Whether or not the day’s events in Egypt constitute a military coup d’etat, the removal from office of President Mohamed Morsi by the Egyptian military portends great excitement but even greater dangers.
Debate over the 10-year-plus war in Afghanistan tends to focus on how and when it "can be won," obscuring the fundamental question of whether it was morally acceptable in the first place. Now as the US gets closer to consolidating its imperial presence in the region for decades to come, the high cost to the Afghani people continues to be ignored.
American newspapers lead the new angle of biased critisim on Turkey. Such a shame because Ankara has proven to be an independant regional influence in the Middle East, with its own brand of soft power diplomacy.
A recent comparison by top foreign policy thinkers in the US reveals the not so pro-democratic thinking that also goes on in Washington, referring to the emancipatory movements of the Arab Spring as a improbable "worst-case scenarios."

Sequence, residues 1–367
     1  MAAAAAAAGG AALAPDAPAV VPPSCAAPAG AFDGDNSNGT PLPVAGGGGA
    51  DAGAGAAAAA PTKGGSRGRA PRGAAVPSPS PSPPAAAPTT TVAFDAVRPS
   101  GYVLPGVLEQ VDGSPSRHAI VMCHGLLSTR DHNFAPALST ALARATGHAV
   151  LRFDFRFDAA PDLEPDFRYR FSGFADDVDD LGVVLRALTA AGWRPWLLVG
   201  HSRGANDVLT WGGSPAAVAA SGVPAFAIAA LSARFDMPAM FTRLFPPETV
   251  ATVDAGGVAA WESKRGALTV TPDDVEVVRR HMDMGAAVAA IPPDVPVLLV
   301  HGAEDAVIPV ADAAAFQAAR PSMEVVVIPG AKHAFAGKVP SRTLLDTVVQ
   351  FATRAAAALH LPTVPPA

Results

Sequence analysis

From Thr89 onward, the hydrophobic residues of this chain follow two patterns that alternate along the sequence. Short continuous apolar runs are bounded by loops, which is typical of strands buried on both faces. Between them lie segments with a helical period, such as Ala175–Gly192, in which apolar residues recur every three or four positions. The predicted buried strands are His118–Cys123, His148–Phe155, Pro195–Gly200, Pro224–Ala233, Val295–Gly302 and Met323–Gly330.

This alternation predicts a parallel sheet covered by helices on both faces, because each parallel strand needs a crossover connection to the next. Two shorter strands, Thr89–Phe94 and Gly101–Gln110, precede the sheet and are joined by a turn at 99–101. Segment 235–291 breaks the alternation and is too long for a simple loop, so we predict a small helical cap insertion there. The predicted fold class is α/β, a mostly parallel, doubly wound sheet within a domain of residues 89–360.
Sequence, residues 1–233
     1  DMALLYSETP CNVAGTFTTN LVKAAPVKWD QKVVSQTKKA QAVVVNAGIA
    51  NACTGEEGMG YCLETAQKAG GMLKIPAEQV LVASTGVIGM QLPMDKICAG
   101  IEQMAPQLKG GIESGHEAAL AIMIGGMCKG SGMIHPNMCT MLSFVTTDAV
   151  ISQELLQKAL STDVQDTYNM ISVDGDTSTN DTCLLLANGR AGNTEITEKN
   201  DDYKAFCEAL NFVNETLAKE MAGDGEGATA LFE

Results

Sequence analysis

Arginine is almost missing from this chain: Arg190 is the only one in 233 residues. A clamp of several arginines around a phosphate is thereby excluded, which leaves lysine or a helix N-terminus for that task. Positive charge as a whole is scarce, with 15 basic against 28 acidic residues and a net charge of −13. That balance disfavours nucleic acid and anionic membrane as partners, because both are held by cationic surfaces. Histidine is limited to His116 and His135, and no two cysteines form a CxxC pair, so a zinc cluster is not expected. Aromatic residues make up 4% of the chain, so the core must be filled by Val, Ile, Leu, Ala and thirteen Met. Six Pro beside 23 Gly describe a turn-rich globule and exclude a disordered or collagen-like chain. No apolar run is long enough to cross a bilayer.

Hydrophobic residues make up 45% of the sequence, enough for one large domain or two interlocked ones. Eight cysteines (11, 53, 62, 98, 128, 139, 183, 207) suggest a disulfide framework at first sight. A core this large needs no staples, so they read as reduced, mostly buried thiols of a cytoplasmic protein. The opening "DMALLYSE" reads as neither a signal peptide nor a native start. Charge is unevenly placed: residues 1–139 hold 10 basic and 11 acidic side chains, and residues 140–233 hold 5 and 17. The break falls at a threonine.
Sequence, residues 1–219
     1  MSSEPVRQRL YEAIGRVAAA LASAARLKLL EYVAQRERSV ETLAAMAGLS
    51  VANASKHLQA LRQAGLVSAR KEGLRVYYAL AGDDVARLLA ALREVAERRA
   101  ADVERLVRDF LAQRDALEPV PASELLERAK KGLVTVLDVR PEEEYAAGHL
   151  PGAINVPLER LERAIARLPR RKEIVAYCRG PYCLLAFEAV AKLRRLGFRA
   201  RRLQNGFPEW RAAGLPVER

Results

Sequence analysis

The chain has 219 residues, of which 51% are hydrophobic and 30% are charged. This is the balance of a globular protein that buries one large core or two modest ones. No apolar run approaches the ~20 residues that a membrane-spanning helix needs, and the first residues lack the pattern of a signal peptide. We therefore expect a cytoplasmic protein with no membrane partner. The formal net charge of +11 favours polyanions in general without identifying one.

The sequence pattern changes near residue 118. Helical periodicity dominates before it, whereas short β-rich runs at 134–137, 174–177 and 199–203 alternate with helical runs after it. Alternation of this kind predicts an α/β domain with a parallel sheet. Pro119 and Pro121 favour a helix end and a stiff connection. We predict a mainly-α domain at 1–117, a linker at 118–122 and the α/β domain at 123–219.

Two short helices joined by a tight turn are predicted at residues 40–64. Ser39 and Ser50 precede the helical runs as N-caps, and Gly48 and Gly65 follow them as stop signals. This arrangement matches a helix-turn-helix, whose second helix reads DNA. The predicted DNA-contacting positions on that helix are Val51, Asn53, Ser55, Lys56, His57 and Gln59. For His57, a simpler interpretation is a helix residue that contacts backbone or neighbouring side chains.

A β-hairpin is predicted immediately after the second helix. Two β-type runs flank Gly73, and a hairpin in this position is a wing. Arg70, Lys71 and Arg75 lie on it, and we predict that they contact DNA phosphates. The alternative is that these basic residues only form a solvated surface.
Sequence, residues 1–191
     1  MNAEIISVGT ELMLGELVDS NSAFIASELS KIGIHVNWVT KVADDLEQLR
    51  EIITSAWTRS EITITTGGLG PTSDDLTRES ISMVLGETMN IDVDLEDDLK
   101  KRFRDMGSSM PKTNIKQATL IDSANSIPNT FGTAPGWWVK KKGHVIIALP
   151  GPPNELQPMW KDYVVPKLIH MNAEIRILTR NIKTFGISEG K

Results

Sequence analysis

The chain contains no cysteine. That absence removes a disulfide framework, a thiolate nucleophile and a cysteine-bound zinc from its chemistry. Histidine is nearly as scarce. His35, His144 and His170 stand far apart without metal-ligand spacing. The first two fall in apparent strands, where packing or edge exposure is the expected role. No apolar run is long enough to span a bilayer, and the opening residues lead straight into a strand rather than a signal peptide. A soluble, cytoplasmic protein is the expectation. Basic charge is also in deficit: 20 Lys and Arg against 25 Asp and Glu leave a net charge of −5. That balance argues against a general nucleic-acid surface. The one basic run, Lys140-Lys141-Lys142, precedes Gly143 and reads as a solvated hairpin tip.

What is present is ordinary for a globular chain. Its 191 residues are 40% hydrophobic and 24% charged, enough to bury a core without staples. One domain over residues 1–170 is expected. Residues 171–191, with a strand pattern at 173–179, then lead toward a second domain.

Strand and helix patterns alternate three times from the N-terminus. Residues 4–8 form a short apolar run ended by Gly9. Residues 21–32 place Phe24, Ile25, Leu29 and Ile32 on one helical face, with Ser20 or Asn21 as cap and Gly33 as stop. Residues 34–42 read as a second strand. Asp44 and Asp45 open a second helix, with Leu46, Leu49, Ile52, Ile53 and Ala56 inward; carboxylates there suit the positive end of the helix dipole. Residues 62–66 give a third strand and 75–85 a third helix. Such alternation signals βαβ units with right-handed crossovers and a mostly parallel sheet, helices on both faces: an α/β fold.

The WikiLeaks saga demonstrates that secrecy plus power results in corruption and crime, and that an informed citizenry is essential to prevent our's from becoming a society where civil liberties are a pipe dream and torture is the norm.
The argument over what action to take against Saddam Hussein is driven by the rhetoric of war. But can peaceful, legal action against Iraq's ruthless dictator be effective? The long campaign to bring Augusto Pinochet of Chile to justice offers an encouraging precedent.
After 27 years of withholding details about covert activities following the 1973 military coup in Chile, the CIA released a report acknowledging its close relations with General Augusto Pinochet’s violent regime.